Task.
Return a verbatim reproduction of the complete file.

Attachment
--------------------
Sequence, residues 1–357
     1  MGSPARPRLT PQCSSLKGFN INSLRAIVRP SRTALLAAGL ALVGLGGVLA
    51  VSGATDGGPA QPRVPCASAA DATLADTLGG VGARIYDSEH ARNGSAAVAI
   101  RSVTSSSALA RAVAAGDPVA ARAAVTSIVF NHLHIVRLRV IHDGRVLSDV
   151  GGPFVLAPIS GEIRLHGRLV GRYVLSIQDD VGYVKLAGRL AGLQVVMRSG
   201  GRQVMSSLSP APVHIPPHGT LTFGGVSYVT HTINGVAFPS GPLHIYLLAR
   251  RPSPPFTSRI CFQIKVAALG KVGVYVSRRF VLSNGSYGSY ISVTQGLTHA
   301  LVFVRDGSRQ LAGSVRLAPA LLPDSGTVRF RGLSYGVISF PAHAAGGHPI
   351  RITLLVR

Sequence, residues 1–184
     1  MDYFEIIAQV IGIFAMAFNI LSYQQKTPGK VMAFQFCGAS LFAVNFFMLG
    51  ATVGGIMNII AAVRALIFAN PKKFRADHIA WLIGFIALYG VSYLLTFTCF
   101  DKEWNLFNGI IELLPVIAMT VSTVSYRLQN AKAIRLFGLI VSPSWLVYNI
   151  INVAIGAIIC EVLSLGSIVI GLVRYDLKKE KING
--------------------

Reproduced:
Sequence, residues 1–357
     1  MGSPARPRLT PQCSSLKGFN INSLRAIVRP SRTALLAAGL ALVGLGGVLA
    51  VSGATDGGPA QPRVPCASAA DATLADTLGG VGARIYDSEH ARNGSAAVAI
   101  RSVTSSSALA RAVAAGDPVA ARAAVTSIVF NHLHIVRLRV IHDGRVLSDV
   151  GGPFVLAPIS GEIRLHGRLV GRYVLSIQDD VGYVKLAGRL AGLQVVMRSG
   201  GRQVMSSLSP APVHIPPHGT LTFGGVSYVT HTINGVAFPS GPLHIYLLAR
   251  RPSPPFTSRI CFQIKVAALG KVGVYVSRRF VLSNGSYGSY ISVTQGLTHA
   301  LVFVRDGSRQ LAGSVRLAPA LLPDSGTVRF RGLSYGVISF PAHAAGGHPI
   351  RITLLVR

Sequence, residues 1–184
     1  MDYFEIIAQV IGIFAMAFNI LSYQQKTPGK VMAFQFCGAS LFAVNFFMLG
    51  ATVGGIMNII AAVRALIFAN PKKFRADHIA WLIGFIALYG VSYLLTFTCF
   101  DKEWNLFNGI IELLPVIAMT VSTVSYRLQN AKAIRLFGLI VSPSWLVYNI
   151  INVAIGAIIC EVLSLGSIVI GLVRYDLKKE KING